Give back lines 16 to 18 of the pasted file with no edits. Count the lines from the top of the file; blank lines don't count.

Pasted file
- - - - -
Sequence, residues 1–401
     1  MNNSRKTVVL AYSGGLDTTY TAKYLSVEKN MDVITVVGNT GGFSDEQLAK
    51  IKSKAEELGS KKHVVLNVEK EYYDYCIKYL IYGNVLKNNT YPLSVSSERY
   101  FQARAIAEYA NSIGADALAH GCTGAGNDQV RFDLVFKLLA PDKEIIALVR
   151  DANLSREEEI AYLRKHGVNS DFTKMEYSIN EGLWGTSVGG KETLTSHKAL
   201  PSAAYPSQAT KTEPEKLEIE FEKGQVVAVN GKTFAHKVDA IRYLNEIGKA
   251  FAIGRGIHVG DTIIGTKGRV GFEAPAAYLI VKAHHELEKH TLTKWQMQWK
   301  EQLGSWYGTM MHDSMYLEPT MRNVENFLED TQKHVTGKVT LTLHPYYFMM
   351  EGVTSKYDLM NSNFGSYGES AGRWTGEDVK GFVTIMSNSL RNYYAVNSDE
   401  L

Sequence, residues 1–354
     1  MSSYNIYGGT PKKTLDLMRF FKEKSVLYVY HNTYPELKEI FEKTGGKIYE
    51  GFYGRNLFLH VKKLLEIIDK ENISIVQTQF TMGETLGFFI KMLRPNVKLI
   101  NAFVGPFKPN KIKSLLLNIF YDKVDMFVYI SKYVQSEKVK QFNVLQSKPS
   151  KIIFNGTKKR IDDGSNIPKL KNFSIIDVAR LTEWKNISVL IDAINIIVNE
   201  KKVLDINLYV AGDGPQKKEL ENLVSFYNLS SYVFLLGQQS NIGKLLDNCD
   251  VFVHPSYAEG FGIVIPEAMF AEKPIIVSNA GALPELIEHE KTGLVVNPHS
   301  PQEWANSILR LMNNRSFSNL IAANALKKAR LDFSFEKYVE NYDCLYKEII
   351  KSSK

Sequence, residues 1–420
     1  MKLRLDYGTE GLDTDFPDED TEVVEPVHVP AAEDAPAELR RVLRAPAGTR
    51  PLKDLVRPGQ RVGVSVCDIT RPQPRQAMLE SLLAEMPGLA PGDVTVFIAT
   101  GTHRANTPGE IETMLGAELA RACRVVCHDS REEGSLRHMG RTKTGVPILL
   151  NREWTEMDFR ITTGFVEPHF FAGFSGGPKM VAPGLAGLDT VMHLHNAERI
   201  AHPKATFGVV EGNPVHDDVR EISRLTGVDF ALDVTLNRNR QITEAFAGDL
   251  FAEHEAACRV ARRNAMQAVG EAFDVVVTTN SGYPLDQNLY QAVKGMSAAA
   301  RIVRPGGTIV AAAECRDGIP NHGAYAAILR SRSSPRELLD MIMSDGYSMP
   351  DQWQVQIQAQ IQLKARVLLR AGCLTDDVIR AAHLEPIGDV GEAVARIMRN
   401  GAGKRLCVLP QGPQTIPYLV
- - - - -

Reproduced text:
   201  KKVLDINLYV AGDGPQKKEL ENLVSFYNLS SYVFLLGQQS NIGKLLDNCD
   251  VFVHPSYAEG FGIVIPEAMF AEKPIIVSNA GALPELIEHE KTGLVVNPHS
   301  PQEWANSILR LMNNRSFSNL IAANALKKAR LDFSFEKYVE NYDCLYKEII